It’s hard enough for charities to stand out in an overcrowded marketplace, let alone convince consumers to donate their hard earned money. How do you prove to consumers that their donation will be going to a good cause?
For the British Heart Foundation, whose mission is to raise funds for cardiovascular research (the UK’s single biggest killer), user-generated content (UGC) provided the vital social proof to convince people it was worth raising funds for.
Integrating user-generated content into every campaign
From websites and contests to event screens and email marketing, the British Heart Foundation seizes every opportunity to harness user-generated content to drive users to action and donation pages on their websites.
While branding and engagement is great, the ability to drive actual conversions on social media is the key to making a real impact. Athar Abidi, Social media Manager at the British Heart Foundation, brought in Stackla as a central platform to manage user-generated content across the many campaigns they run each year, involving different agencies and teams, and making sure that that UGC is directly driving a campaign objective.
“User-generated content help us draw supporters into a deep, trusted relationship. We get them involved and engaged by sharing their content in a two-way conversation.”
Athar Abidi, Social Media Manager, British Heart Foundation
The Big Stitch
The British Heart Foundation has 730 charity shops in the competitive high street charity retail sector throughout the UK. In July, they ran a pilot campaign where user-generated content was used to showcased the quality of their stock, as well as drive footfall and sales for local stores.
Jumping on the upcycling trend, the charity asked it’s style-savvy shoppers to buy an item from a store, personalise it, and post “before” and “after” pictures with the store tag showing on social media using the hashtag #TheBigStitch. All entries went into a drawing to win a night out at a West End show.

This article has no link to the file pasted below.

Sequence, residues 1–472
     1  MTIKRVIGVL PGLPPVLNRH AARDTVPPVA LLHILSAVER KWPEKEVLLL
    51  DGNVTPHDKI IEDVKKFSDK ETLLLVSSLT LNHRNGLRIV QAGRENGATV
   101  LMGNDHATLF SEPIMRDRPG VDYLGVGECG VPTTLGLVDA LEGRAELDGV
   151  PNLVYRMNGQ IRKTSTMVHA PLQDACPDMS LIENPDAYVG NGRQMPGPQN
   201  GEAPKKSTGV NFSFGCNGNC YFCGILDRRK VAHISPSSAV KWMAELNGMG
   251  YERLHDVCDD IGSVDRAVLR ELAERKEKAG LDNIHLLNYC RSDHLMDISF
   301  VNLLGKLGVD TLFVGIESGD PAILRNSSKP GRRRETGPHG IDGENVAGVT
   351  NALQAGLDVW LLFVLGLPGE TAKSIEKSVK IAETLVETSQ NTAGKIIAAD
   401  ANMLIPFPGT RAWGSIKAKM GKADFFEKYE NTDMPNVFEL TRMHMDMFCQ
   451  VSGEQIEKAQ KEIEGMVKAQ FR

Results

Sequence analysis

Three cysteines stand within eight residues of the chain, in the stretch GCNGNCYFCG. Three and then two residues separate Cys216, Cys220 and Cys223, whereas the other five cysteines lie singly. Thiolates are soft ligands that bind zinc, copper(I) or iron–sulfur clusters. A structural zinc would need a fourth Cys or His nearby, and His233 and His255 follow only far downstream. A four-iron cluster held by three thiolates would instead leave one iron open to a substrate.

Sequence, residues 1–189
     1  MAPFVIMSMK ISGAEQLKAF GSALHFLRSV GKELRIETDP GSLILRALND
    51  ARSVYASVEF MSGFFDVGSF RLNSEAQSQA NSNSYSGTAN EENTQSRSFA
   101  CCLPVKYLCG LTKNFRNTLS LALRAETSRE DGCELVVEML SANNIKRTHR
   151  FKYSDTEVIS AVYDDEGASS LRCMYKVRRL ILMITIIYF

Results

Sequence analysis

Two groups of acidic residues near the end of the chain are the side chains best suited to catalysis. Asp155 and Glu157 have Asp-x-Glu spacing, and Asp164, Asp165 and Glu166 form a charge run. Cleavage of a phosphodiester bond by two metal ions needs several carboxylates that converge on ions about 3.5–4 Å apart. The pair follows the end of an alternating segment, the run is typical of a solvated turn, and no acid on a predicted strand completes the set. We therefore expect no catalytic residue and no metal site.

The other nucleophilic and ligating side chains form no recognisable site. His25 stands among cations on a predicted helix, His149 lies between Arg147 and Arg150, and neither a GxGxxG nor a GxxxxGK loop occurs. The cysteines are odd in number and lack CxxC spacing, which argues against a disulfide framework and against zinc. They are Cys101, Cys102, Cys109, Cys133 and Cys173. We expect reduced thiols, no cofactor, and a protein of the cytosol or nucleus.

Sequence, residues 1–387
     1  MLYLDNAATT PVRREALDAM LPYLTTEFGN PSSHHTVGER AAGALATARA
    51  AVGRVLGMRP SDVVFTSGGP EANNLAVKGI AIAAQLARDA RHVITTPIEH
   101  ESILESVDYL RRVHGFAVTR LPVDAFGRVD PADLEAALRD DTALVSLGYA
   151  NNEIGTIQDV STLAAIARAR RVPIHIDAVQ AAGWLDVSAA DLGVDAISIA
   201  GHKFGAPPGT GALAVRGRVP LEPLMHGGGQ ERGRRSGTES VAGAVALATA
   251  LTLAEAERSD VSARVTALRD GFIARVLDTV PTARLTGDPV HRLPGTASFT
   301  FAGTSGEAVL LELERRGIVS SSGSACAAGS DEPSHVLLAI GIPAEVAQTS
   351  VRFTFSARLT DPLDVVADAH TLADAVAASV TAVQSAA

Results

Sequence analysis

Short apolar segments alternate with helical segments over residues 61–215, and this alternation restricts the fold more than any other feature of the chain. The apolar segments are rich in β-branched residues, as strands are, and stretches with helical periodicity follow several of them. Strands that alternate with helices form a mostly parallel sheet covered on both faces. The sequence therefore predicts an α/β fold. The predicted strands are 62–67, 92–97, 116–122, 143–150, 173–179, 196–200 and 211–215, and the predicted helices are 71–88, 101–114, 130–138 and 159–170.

The British Heart Foundation engaged micro-influencers – those who have built niche audiences of 5-10K around blogs, Twitter, forums etc. – to promote the campaign and amplify reach. Using Stackla, they were able to whitelist influencers and automatically pull in their images and content.
- Surpassed 152 percent of campaign goals
- Generated PR coverage despite limited PR budget
- 20 percent of all pageviews for the campaign microsite went to the dynamic UGC photowall
The campaign was small with a limited budget but by harnessing user-generated content they were able to provide compelling proof of concept, driving footfall and sales. The British Heart Foundation already has plans to roll out the same campaign even bigger and better next year.
“By using innovative technology like Stackla to harness all this content people are generating, we’re creating the sense of a “movement” which will bring any charity campaign to life.”
London to Brighton Marathon
The British Heart Foundation organises Europe’s biggest charity bike race every year. Although more than 18,000 runners participate annually, only a few fundraise for the BHF. The challenge was how to use social media and UGC to engage with and celebrate participants, while also encouraging fundraising.
On race day, they placed a Stackla-powered Jumbotron on Brighton Beach displaying pictures posted by participants with the event hashtag. This encouraged more participants to upload photos and amplify the message. The hashtag #LondonToBrighton became the trending hashtag in Brighton the entire day.
People love to see and share their selfies on the big screen. Capitalise on this to turn your audiences into amplifiers and advocates, and get tons of great content in the process.
This year they ran an innovative campaign, sending tweets to individual participants with a personalised video that pulled in their user-generated content, curated in Stackla, and asked them to register again for next year’s event. By directly engaging with individuals rather than en masse, the campaign helped improve retention.
“Repurposing user-generated content and sending it back to the user gives you a second bite of the cherry with the opportunity to include your branding and core messaging. It’s a way to show that we’re not a huge, faceless organisation and that they can trust us.”
— BHF (@TheBHF) June 26, 2017
As a result, the personalised tweets featuring UGC generated:
- Over 35,000 impressions
- More than 2,600 total engagements
- A 7.55 percent engagement rate against a benchmark of 1.10 percent – a 586 percent engagement uplift!
After proven results using Stackla’s platform to integrate user-generated content into their website, event screens and emails, the British Heart Foundation is now looking at adding social commerce to the sale of their running gear and merchandise online.
To hear more about how nonprofits like the British Heart Foundation inspire and engage supporters with user-generated content you can view the on-demand webinar here.